Purchasers in many countries were disappointed that they could not activate their phones at the point of purchase. Some telcos are blaming Apple for the flaw, saying the fault was with the company’s iTunes server, but the problem was reporting in the US, UK and Canada and others.
“This is absolutely annoying,” customer Kilian Ganly told the Wall Street Journal.
“Somebody screwed up big time here.”
Meanwhile some Apple staff were telling customers that the problem lay with the phone companies, not with Apple itself.
The problems were particularly acute because existing iPhones also received an update that required reregistration, leaving users phoneless for hours.
The iPhone launched simultaneously in 21 countries and the mass launch may have overloaded the registration servers.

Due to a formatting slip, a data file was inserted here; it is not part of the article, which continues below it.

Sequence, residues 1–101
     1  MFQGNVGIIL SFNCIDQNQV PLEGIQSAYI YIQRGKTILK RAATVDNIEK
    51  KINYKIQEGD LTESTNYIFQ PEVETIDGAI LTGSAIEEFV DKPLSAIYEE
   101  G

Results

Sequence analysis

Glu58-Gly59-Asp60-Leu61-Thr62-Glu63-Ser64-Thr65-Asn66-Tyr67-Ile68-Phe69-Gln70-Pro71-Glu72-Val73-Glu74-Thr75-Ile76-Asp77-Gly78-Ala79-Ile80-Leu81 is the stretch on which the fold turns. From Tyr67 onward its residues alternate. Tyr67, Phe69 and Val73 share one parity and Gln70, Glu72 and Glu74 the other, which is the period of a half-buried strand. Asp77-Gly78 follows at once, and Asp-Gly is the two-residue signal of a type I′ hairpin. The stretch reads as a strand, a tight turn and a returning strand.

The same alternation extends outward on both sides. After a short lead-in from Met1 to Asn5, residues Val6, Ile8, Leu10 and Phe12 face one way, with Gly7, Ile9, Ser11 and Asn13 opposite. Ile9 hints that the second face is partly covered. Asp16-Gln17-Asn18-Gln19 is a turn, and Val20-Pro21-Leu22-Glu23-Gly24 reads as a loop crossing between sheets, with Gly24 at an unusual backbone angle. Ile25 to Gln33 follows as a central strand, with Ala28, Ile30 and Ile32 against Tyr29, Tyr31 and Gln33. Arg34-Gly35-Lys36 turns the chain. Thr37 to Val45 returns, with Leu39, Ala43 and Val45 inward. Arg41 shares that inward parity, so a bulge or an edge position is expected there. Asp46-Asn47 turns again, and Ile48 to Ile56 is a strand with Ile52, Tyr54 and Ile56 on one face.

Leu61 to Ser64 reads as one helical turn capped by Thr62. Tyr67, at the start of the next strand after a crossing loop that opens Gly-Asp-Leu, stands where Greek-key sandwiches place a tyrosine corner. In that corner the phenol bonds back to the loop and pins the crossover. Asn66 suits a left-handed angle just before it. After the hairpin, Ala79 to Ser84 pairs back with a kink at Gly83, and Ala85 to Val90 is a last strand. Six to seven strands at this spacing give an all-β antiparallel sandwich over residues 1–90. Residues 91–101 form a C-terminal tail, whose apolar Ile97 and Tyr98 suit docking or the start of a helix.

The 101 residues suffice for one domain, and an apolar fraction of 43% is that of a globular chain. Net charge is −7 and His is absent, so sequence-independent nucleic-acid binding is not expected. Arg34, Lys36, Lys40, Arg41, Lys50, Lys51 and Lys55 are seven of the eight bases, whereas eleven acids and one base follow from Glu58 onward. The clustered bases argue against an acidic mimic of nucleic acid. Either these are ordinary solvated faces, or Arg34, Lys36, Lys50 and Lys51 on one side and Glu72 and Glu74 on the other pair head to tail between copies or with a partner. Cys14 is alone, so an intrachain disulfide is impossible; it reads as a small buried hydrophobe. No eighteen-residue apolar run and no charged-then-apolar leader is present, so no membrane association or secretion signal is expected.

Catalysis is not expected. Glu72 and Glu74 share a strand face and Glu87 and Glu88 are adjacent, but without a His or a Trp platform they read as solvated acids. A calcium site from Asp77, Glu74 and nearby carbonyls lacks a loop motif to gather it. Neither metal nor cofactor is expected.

Supply of the new high-spec handsets was also limited. In London the police were called to the Apple store in Regents Street after the store stopped selling handsets to new customers not in line after 3pm because of limited stock.
However, others used the queues to make new friends and had a more positive time.
“It was a bonding experience,” said Chiara Grabill, 28, a recent Columbia Law School grad.
“People were making friends, passing out Red Bull and water bottles. When you came out of the store with a new phone, everyone cheered.”
Apple were contacted for this article but were unable to comment.
Problems mar Apple iPhone launch
By Iain Thomson on Jul 14, 2008 9:14AM